Microlearning is a learning strategy where learners, learn through small precise, bite-sized learning modules that are conceptually easy to learn from. Microlearning is a small part of the eLearning experience.
Micro-learning is small and intensely focused learning. These micro-learnings are short 1 to 5 minutes videos that are focused on specific processes, skills, or tasks that can be company specific. These are designed so that the learner can accomplish tasks after the micro-learning is completed.
Before breaking up your existing lessons plans into short videos of five minutes or less, it’s very important to realize that micro-learning are far more than a traditional course’s or a pre-existing module, cut into small pieces. This is highly focused learning so we must remember the full purpose for micro-learning.
The true intention of micro-learning is to teach the learner, your employee, how to perform a specific process, service or task. This type of learning must be intentionally designed to offer exactly the correct information necessary for the learner to perform this process, service or task successfully. Micro-Learning training strategy is highly focused lesson plans, focused on specific processes, services, tasks and skills needed for the specific organization. We must also keep in mind that not every company does processes, services, tasks or soft skills that same way. By training the employee the organization’s way it ensures successful performance.
Example of scripting Micro-Learning
A micro-learning system is a method of knowledge acquisition where we’re learning and consuming tasks in small fractions to form a broader and deeper connection to the new knowledge.
An example of an intro script would be: “At XYZ Corp we suggest utilizing dictation in Google Docs – Dictating into Google Docs needs to have Google Docs open on the Chrome Browser. Once your microphone is plugged into the computer and you have launched your Chrome browser you will open your Google Doc, open the new document. In the main toolbar select the Tools button; in the drop down menu you will see under translation the dictation with an icon on a microphone, click on the microphone to enable the device…”
Notice that the only information is pinpoint focused on the actual process. What tools are being used, how to navigate to it and then an example of the use. There are no filler words and no elaborate story of: “Jane the office secretary is working on writing letters and needs to dictate a letter…” that is normally used in full training and has a significant use in most training material. As we know placing the learner in the best context is definitely needed in learning a new skill. In Micro-Learning we assume that the learner knows where they are and are in the need to learn something fast. If a series of Micro-Learnings that are tools being used for Jane the office secretary role then the story can be added to the title as a series I.e. “Office Secretary tools for XYZ Corp: Dictation in Google Docs”; “Office Secretary tools for XYZ Corp: Google Doc’s Building E-Forms Surveys” In this fashion the micro-learnings are grouped by role and lesson without adding to the length to the video.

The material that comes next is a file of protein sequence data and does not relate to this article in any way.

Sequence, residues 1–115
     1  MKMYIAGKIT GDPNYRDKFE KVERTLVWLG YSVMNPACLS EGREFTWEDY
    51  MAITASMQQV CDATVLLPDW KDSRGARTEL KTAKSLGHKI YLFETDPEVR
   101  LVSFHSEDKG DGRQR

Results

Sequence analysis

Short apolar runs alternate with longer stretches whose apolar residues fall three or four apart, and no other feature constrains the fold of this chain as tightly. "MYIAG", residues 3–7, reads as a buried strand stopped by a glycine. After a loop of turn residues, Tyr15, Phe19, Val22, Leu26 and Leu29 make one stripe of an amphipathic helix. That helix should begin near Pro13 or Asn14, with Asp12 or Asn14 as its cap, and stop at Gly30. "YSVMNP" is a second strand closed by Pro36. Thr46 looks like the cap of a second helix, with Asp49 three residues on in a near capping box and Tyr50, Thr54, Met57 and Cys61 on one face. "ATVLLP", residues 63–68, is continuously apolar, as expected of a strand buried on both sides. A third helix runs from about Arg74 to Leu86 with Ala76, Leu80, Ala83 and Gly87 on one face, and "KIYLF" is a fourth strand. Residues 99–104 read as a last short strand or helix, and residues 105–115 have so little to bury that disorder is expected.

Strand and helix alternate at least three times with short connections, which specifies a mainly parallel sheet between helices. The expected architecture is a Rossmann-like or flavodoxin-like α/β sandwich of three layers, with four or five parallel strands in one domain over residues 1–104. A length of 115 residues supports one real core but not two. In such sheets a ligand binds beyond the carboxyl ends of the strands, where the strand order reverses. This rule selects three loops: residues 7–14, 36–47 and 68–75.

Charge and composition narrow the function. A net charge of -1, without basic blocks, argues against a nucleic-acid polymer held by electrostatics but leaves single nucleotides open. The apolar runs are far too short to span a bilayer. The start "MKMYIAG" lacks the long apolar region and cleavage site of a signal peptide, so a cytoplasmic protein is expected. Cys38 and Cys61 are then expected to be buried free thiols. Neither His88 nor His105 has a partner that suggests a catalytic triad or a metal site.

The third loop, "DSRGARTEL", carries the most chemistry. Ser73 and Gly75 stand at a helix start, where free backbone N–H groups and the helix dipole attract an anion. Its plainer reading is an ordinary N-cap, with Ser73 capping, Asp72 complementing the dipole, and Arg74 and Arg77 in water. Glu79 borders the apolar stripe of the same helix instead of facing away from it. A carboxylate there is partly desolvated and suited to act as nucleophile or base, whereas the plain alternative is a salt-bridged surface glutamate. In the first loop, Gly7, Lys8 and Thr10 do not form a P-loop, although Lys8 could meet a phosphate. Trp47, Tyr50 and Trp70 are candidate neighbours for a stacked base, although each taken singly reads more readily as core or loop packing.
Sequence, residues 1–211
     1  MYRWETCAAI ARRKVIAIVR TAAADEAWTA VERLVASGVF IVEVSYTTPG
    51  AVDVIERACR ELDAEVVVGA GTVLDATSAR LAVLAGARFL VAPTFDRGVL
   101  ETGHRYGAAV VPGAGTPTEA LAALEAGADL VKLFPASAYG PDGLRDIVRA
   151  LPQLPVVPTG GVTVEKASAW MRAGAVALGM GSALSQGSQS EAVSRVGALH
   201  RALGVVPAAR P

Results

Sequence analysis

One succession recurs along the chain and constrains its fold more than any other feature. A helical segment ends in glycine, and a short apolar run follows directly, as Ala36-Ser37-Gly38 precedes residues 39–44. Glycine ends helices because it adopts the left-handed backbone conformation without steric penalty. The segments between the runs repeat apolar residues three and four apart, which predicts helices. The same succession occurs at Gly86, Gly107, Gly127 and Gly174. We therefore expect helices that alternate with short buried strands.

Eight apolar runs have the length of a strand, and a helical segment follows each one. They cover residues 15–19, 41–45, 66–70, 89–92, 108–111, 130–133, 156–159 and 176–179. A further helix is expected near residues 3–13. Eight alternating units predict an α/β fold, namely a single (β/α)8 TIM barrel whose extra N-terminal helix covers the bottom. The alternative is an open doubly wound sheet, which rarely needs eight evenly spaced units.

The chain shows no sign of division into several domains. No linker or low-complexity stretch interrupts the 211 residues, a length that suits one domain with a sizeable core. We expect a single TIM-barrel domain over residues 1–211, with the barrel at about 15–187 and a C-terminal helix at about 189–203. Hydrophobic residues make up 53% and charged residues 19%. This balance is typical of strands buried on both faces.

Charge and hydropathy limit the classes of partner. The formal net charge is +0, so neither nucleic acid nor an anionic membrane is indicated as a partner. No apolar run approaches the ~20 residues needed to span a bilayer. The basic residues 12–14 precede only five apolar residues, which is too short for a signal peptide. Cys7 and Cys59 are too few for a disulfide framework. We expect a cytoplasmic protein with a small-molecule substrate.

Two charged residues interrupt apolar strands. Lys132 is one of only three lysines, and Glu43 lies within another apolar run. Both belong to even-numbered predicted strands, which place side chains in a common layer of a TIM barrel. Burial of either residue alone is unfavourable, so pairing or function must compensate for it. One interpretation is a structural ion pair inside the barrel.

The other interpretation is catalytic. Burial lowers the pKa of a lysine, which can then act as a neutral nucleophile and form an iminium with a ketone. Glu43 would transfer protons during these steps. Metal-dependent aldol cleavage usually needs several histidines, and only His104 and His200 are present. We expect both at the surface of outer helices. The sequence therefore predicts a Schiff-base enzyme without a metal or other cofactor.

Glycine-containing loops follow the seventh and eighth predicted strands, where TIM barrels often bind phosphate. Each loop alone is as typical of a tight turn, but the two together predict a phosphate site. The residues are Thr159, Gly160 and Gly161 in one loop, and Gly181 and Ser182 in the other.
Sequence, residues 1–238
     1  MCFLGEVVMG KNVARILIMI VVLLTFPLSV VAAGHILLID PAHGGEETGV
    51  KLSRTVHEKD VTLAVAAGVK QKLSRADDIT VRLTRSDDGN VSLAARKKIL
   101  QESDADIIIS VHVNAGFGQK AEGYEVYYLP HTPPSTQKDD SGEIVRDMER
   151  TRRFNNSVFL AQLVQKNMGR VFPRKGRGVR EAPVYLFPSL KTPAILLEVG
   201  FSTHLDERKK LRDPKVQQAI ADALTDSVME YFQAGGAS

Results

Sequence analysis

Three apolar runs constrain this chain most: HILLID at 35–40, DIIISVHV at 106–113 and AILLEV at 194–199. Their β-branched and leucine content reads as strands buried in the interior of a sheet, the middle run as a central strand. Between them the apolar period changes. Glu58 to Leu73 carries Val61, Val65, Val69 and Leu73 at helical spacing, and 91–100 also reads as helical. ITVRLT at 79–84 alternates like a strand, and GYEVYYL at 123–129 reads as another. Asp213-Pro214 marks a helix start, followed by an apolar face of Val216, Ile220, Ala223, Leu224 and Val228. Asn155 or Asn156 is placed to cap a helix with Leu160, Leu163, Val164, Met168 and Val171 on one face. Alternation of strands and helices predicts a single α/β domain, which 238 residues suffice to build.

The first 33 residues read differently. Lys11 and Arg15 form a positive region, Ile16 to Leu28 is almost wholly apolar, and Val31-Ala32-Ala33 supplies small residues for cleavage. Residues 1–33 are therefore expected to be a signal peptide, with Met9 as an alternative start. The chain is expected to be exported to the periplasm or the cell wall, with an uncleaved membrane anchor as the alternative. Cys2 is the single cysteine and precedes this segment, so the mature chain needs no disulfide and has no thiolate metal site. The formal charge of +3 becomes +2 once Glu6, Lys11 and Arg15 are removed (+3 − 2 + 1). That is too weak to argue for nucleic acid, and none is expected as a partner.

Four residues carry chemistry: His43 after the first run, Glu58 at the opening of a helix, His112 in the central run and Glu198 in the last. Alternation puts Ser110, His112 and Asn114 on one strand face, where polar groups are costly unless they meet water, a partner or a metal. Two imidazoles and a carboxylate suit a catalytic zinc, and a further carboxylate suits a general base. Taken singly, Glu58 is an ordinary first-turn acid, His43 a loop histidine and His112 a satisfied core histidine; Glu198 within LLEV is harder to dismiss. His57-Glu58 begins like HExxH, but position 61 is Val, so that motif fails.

Micro-Learning at Work
Micro-Learning is quantifiable. Because a micro-learning is specific to a process, service and task. Which once taught then can be measured. After an onboarding most companies will track training success by the needed support post onboarding. How many calls to the IT help desk for a specific software program, email issues, printer issues and many more.
The better the training with higher retention the faster the employee gets to the normalization phase and maximizes efficiency. With micro-learning we are seeing faster learning in the workspace, with a higher retention.
“Micro learning is cheaper and faster. To-the-point materials take less time to source, produce, maintain, and consume than traditional classroom sessions or longer-form e-learning. This enables under-resourced L&D teams to focus on quality without sacrificing speed, and gives well-resourced teams more ways to make an impact.” (Khurgin, 2017).
People are more engaged and they learn more. Micro-Learning fits within the time frame of today’s employees. When employees dedicate 1% of their work time to learning we can add these microburst of content into Slack, Monday or any tool the company has for communication to add to the quality of the employee experience.
We see a growing trend with apps like TicToc and now YouTube’s short selections. Content creators are getting millions of views from Micro-Learning videos. This technology has been in use for industries for the past 15 years but the use of focused Micro-Learning is gaining momentum. Now it is being seriously considered for training, post training and onboarding training support within large scale organizations. The future is moving to Micro-Learning for maximum retention and decrease in training time.